Don’t take this post as pandering support for Obama, becuase I could care less who you voted for. Take it for what it is, a nice little story. Or maybe you would rather hear what Joe the Plumber/Welder/Barstool/Sixpack’s latest move is?

Do The Loco-Motion(Plus)

In Video Games on June 9, 2009 at 9:29 PM
Wii MotionPlus is finally available and I just happen to have my self the shiny new gadget and a copy of Tiger Woods 10. First of all, let me just say that I know many of you are crying foul and that big, bad Nintendo is nothing but a money grubbing company who “lied” to everyone about the capabilites that their new “Wii” machine had. The Wii has quickly gone from apple of the gaming world’s eye, to sell out, meaning they have gone outside the gaming worlds normal audience and tried and succeded to bring in new people to gaming. Ladies and gentlemen…MotionPlus.
In true Nintendo fashion the MotionPlus comes with two instruction manuals, both of which outline nearly the same thing. The nice folks at Nintendo also throw in a new Wiimote jacket that accomodates the added length of the MotionPlus. Once you spend the few seconds assembling the device, the Wiimote now feels like a little more serious piece of equipment. After all 1:1 response is a very serious matter is it not?
You may be thinking to yourself, “How can the_skeptic be qualified to review MotionPlus, Tiger Woods can’t possibly be that motion intensive?” Your right, in fact you have the option to completely bypass the whole thing altogether, but, the guys at EA Sports added a new game…within the game that is the perfect vehicle to examine the greatness of 1:1 control response. Disc Golf, or “Frolf” is a seperate game within Tiger Woods 10 that I’m quite sure was thrown in just to show off the accuracy of MotionPlus. I tell you, it IS just like throwing an actual Frisbee. There is no lag, no glitch, no nothing.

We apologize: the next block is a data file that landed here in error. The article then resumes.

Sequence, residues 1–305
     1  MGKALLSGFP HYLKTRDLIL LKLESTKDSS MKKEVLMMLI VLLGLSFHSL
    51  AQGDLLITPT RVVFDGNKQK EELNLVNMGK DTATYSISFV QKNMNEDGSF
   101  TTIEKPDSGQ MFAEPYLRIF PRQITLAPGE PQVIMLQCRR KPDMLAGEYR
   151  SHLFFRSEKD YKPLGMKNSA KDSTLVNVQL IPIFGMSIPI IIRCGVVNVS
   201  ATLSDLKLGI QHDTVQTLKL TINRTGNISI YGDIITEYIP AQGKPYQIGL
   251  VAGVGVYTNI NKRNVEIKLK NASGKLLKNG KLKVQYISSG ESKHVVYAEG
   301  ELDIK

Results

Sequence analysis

But here within lies the problem. It’s perfect, almost too perfect. Have you ever played Frisbee with someone who can’t throw it straight, meaning it curves and sails wildly and unexpectedly because they can’t grasp the concept of the “wrist flick”? These woes with be perfectly recreated when they play disc golf. I think the biggest problem that people will have with MotionPlus is that it still has a learning curve. 1:1 doesn’t mean that everything gets easier, it means that if you stink at golf, tennis, baseball, darts, or anything in real life, you stank will be perfectly captured in a digital environment. Ain’t that great.
I forsee MotionPlus getting many mixed reviews because it does require a fine touch, something not too many video games have. Gone are the days of button mashing and in are the days of maybe video game…practice?!?!?! I won’t go that far, but i will say this Nintendo gave us everything the Wii was promised to be and then some, at what I see as a reasonable price of 24.99. Once you use it for a minute or so the games will be infinitly more fun if you are willing to work at them a little longer.
The Bottom Line: (To steal a review tatic to Wii-abandoner MrBillGeorge)
MotionPlus absolutely is worth it, and will probably be necessary for most Wii games in the near future. So swallow you pride, and experience the Wii the way it was meant to be.
Grade: A+

Wii MotionPlus is finally available and I just happen to have my self the shiny new gadget and a copy of Tiger Woods 10.

First of all, let me just say that I know many of you are crying foul and that big, bad Nintendo is nothing but a money grubbing company who “lied” to everyone about the capabilites that their new “Wii” machine had. The Wii has quickly gone from apple of the gaming world’s eye, to sell out. Meaning that they have gone outside the gaming world’s normal audience and succeeded in bringing in new people to gaming.

Ladies and gentlemen… MotionPlus: